Another thing about magic lantern, is that the 60D is the only body that makes full use of every ML feature. The 7D is still in alpha... You'll have to wait quite awhile before the port is finished.
True, the 7D port is still alpha, but alpha 2 was just released a month ago and from what I understand, all of the important features work now.(ML still has to be manually loaded though).
On top of that, I think that the final release is close seeing as the ML team recently aquired a few much anticipated tools for dealing with the dual-digic (dual-digic is what makes the 7D harder to hack)
I only just saw the alpha 2 yesterday and that (plus the assumption that overheating is a non-issue until you do very intensive shoots) has helped to make my choice of the 7D.

Unlike the OP, I do both Video, Stills, Time-lapse and stop-motion, so for me, in the end, the 7D seems to be a no-brainer.

CarlTN has stated that DSLRs cannot be used for video because of overheating, hence the exaggeration. I've used a 7D as well as a main camera before and I did get the overheat warning, but that was two times in less than a year of use. If it's your only camera it might be a bit scary even to get the blinking red warning one time, I agree, but I don't agree that it's the reason why you can't do video with it all.

I cringe at using a DSLR primarily for video.  They aren't intended to shoot video all the time.  The sensors do overheat.  The diodes blow out.  Then when you sell the camera, whoever ends up with it, has a ruined sensor.  I would just use a pro video camera.  To me, buying a DSLR to use for video, is like buying a sports car and pouring ground up french fries and garbage into the gas tank, because somebody on tv did it once.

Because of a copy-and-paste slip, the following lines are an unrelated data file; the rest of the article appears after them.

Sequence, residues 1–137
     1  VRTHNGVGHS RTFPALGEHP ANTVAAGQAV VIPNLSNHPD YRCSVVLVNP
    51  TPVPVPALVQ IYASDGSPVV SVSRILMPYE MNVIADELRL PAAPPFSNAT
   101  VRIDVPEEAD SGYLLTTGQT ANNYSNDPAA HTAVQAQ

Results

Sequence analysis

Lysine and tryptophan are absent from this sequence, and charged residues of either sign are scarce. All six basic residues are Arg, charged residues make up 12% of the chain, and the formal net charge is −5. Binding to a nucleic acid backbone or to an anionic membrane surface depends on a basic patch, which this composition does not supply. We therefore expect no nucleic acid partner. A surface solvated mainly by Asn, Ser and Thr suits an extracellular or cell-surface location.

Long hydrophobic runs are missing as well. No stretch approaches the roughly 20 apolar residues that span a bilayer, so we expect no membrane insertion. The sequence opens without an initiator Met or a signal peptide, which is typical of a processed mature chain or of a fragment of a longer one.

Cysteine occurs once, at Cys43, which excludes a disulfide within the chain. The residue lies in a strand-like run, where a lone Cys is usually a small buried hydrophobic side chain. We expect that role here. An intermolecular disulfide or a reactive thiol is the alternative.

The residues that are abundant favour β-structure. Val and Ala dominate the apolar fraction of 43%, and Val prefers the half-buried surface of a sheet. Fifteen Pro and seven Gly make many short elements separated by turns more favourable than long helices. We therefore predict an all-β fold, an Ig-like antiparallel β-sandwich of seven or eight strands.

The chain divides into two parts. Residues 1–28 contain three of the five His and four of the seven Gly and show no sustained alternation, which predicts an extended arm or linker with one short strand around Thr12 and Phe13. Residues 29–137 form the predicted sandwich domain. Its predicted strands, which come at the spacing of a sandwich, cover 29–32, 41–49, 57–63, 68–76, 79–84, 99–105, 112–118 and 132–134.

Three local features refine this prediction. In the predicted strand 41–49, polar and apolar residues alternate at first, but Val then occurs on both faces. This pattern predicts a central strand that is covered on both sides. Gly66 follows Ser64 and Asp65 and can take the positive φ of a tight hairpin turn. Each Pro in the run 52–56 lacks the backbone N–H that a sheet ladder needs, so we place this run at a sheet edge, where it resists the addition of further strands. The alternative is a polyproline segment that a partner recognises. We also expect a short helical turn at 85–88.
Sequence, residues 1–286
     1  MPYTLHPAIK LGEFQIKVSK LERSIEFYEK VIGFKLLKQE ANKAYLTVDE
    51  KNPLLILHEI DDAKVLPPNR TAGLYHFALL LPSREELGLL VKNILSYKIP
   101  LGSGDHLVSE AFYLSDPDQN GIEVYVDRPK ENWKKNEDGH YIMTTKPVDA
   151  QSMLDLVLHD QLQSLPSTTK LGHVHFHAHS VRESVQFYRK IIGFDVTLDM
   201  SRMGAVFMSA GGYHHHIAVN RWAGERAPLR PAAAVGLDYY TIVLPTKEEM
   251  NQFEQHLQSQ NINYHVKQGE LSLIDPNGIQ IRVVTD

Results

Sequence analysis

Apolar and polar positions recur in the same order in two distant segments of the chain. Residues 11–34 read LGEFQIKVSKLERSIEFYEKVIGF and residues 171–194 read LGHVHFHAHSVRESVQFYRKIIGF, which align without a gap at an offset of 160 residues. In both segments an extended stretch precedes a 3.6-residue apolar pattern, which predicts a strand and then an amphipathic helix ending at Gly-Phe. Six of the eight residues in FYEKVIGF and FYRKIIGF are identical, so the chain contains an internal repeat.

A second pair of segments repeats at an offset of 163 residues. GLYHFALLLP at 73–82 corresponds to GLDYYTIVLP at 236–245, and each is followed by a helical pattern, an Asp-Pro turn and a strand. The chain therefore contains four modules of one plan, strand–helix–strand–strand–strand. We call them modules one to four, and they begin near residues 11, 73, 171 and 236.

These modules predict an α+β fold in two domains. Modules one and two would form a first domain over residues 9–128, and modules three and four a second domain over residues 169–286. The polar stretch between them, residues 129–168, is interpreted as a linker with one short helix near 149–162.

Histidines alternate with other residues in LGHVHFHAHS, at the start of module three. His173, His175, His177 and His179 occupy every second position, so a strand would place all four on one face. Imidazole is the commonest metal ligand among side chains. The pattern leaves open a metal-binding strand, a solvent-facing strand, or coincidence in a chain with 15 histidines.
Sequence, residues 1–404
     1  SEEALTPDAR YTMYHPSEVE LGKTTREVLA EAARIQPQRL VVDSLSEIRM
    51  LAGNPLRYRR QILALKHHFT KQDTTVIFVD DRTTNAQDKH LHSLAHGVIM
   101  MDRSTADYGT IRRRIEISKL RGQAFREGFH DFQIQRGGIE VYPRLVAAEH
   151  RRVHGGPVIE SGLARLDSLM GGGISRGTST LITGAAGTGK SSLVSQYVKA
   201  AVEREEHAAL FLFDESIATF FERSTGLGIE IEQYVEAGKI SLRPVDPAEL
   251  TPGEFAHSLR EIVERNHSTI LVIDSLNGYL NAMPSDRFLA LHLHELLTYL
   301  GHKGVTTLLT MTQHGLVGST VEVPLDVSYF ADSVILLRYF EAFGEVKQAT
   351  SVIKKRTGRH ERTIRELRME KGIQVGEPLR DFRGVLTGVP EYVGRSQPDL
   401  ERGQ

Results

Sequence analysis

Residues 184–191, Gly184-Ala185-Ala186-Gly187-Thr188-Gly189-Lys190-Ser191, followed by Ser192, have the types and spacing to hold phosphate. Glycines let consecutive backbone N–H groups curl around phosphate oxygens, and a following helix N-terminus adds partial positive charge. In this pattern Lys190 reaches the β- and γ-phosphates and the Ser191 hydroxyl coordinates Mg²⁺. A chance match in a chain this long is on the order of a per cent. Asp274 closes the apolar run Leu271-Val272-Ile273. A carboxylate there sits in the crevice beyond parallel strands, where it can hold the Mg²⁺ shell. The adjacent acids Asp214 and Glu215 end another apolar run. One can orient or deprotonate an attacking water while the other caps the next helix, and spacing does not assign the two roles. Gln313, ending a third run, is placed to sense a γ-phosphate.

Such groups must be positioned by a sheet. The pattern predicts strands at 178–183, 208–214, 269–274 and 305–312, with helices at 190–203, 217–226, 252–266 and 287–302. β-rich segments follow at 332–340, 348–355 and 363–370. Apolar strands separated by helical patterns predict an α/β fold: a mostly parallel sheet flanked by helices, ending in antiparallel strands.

Where I work, before we upgraded to full frame, we used 3 60Ds to shoot for a nonstop 5 hours on days we worked for a particular client, 8 days a month.... When the clips hit their limit we just hit record again with no overheat issue. Almost half the time we shot outdoors. We live in a country that is hot for most of the year, and humid all the time. We did this for almost two years. Yes, we did swing the screen out and use a battery grip to help avoid overheating the main camera, but the B-roll cameras didn't have a grip and didn't overheat either. The idea of overheating is very much over exaggerated.

I'm afraid a 14-24 will be insanely expensive, let alone you'd take a 16-35 and put up an IS to that... 2000$ pew pew.

+1 and it probably won't be available until quite awhile after announcement. Hopefully the price of the 16-35 II gets affected so I can get that instead =P

EOS Bodies / Re: New Cinema Camera & Lenses for NAB 2013
« on: February 12, 2013, 10:17:35 AM »
In other words, Canon will soon have 3 dedicated cinema bodies in the market, but still no dedicated landscape / studio body?.. Yawn.  :-\ This is just another sign that they shifting away from stills, and more towards video.

How about announcing the 14-24L, or at least letting us know if there is a big MP body coming this year or the next?

Indeed. I would like a real upgrade for the 7d mk II, not just some pointless iterations and a bunch of video junk. I have a camera; therefore, I am a photographer. If I had a camcorder or cinema duhickey, I would be a videographer. Photographer implies stills. Hook up the stills!

Although Canon does make plenty of still cameras, it's not their only field. You are also, not the only person in the entire world.

It's better to have it and not need it than need it and not have it. Keep the 7D.